Despite the unconventional setting, these awards were done right. The fliers and tickets looked professional, sponsors were secured and the awards themselves were made of blue-lit Plexiglas. Someone who didn't know what the awards were about would have thought the affair was a glad-hand party for executive sales personnel. About 1,100 votes were counted through the contest's Web site, www.heavyfrequency.com. Even more surprising is that it was the brainchild of a 20-year-old named Heather Bashaw.
She's the editor in chief of Heavy Frequency, a 'zine she started four years ago (when she was 16). Since then, it has evolved into an online magazine and resource for bands all over the Midwest. The willowy blonde and Grandview native is a full-time student at Mizzou, majoring in advertising and public relations, and she takes supporting underground hardcore music seriously. After all, how many 20-year-olds do you know who would organize an awards ceremony, at a cost of about $4,000, for his or her favorite type of music?
"There's so much talent here that goes virtually unrecognized, and it's unfortunate," Bashaw said in a post-awards conversation. Hosting the awards show at the convention center, Bashaw says, afforded a little class to the occasion and also allowed families to take part. "We wanted to have something more elegant," she said.
Nationally as well as locally, this is a scene where tattoos cover the arms and crawl up to the neck, where bangs are long and sides are short, where black is the once and future black, where the only good D is a dropped one, and where earrings come in lobe-distending sizes. So it was downright weird to see these kids parade in front of a packed room of a couple of hundred grown-ups seated before a stage that normally is the setting for Linux workshops. It was like watching the Nelson kids punk out in front of Ozzie and Harriet.
Adding to the strangeness of the event was host Michael Miller, probably the sole black person in the room, who kicked off the ceremony by saying, "Welcome to the 2006 NAACP Image Awards!" The suave host capitalized on his out-of-my-element humor, bringing some welcome irony to the proceedings. After all, it's not nearly often enough that a band of death-obsessed teenagers gets described as "pimp."
Miller, a professional dancer and voiceover artist, introduced the presenters, various well-known scene supporters who made earnest, Hallmark-meets-academia speeches chock full of truisms. ("To captivate an audience, a band must exhibit charisma and enthusiasm onstage" was one.)
One presenter, Ryan Red Corn, chose to forgo the established pattern, giving his speech for Best Frontman in the language of the Osage Tribe. Then the stage partitions were muscled away and the first featured band, Taken in Vain, started its set.
What wasn't funny was that the band's singer, Justin Sims, had been up for the award Red Corn had presented and had lost. And it didn't help that the audience sat like stunned rabbits in the bright stage lights. It had been all talk up to that point, but now it was all rock, and earwax was getting loosened. Sims seemed to be holding back a little, however. Perhaps it was the motionless audience, the agony of defeat or the sunflower-yellow pinwheels projected onto the wall behind them. Still, TIV rocked hard, propelled in large part by its backup screamer and guitarist, at least one of which every emo-hardcore band needs.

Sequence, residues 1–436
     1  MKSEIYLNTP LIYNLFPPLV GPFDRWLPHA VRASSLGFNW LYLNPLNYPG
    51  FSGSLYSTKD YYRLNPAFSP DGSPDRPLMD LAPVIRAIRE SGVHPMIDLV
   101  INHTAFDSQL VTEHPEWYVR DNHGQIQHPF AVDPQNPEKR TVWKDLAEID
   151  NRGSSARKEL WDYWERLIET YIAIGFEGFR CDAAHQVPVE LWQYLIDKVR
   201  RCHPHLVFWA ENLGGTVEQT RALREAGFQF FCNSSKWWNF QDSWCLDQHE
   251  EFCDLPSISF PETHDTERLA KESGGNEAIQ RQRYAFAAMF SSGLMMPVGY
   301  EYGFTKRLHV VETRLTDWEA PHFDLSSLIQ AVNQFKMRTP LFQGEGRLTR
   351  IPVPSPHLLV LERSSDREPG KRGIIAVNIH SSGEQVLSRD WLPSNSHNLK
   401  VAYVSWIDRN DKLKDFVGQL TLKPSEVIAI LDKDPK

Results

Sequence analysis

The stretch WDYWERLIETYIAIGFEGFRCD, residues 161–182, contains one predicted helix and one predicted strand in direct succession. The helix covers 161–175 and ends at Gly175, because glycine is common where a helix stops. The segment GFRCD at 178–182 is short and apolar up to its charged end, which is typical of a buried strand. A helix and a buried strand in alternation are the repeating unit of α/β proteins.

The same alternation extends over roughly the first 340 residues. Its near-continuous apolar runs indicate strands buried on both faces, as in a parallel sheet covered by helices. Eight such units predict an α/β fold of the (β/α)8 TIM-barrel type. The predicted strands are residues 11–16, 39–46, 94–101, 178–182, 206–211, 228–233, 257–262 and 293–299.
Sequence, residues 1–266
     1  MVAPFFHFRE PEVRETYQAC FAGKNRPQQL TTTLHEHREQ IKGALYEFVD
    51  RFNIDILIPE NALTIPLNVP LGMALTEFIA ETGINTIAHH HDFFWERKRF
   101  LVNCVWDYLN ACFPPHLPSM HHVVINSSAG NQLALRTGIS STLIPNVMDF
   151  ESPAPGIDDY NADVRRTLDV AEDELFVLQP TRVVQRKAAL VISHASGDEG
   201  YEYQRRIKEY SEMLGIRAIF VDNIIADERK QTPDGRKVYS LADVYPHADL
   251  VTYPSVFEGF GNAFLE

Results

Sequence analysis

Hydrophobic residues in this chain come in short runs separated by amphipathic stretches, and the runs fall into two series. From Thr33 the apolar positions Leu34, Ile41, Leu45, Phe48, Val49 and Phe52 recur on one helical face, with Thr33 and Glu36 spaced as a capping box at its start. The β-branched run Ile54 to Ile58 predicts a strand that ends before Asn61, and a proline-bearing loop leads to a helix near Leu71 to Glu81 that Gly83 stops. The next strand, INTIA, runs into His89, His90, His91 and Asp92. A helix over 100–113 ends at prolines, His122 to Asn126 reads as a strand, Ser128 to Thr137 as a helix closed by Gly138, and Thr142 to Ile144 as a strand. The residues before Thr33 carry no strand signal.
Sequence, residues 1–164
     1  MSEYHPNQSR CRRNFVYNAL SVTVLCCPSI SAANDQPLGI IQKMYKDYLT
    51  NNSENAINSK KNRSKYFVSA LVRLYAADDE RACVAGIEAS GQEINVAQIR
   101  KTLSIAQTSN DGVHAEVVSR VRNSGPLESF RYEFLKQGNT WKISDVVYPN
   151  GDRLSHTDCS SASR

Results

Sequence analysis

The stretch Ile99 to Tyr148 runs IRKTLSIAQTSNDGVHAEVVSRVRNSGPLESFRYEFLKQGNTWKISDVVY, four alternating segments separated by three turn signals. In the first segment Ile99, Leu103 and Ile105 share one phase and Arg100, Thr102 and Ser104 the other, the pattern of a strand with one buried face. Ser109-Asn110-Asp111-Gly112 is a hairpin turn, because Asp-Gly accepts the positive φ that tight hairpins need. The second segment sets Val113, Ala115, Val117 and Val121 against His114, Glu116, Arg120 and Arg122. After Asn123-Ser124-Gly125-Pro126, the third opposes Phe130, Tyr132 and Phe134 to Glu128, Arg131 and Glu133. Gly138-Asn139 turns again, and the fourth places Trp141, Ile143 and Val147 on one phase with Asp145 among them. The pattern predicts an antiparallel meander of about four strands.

Miller's take: "I couldn't hit some of those high notes if Chuck Norris gave me a roundhouse kick to the nuts and Chuck Norris knows roundhouse kicks!"
Another round of award-giving followed, then it was SideWise's turn to throw down. The Lawrence band's local popularity proved to be well founded. SideWise rocked with precision, its members in lock step as they dashed across brainy time changes with confidence that contrasted their obvious youth. Meek-looking but with a powerful set of pipes, floppy-haired singer Nico fronted the energetic six-piece, bolstered by Jason Foster's gothy synthesizers.
Miller: "That was actually pretty pimp. I want them to play my bar mitzvah."
The third and final performance was by the Leo Project, a group whose name had been getting lots of cheers (but few awards) throughout the ceremony. The LP, a four-piece, was the event's smallest band, but it definitely packed the hardest punch. Pudgy singer and guitarist Tyler Lyon is almost cuddly in appearance, but his vocals soared, clean and plaintive, giving actual weight to the music's emotional drama. As Lyon nailed down harmony guitar riffs with guitarist Nic Trotter, Lance Bennett jackhammered the double-kick and battered his drums like a mad cannibal pounding on skulls, making for the most exciting performance of the showcase. Or, as Miller put it, "I had a gay moment there the drummer was nuts!"
Bashaw presented the final award, for Achiever of the Year, herself. The nominees were the Esoteric (a band that lost most of its equipment in a house fire last year but persevered), Club Wars overlord Jim Kilroy, El Torreon booker "Metal" Mark Mathison, and bands Flee the Seen and the Leo Project.
Having lost no momentum from its sweep of the Pitch Music Awards, Flee the Seen took this one home, too. Now that it has signed to the credible label Facedown Records, this young, openly Christian band is hotter than Madonna making out with a black Jesus.
Bashaw believes the overall scene is resurging. That's evident by the fact that this year's awards profits doubled last year's take, according to Bashaw. Expect to see better attendance at metal shows, and don't be surprised when a bottle of black hair dye shows up in your teenager's medicine cabinet. She¹s So Heavy Heather Bashaw's Heavy Frequency Awards bring the noise.